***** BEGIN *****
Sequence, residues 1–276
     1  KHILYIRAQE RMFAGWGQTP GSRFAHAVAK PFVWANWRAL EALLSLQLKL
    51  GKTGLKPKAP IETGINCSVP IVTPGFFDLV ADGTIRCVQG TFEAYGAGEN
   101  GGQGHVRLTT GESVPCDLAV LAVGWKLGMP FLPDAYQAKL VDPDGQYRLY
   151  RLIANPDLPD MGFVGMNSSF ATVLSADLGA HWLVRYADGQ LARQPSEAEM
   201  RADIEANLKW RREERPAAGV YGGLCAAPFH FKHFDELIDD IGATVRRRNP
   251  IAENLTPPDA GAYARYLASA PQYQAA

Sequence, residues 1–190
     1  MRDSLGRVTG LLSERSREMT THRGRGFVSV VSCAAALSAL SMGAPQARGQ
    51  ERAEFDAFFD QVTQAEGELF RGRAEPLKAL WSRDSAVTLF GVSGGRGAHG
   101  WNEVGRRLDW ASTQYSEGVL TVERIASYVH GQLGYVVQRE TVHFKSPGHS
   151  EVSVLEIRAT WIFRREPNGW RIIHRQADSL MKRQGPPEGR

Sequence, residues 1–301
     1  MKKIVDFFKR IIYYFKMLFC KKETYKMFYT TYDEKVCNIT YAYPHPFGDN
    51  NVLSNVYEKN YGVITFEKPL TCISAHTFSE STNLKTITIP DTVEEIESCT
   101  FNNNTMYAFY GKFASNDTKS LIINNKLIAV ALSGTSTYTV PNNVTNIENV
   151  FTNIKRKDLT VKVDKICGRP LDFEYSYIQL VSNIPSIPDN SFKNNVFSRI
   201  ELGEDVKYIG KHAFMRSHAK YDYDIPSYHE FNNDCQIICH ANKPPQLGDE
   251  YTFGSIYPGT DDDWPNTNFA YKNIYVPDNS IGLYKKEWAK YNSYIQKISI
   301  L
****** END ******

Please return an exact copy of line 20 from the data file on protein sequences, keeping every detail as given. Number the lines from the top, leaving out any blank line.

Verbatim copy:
   301  L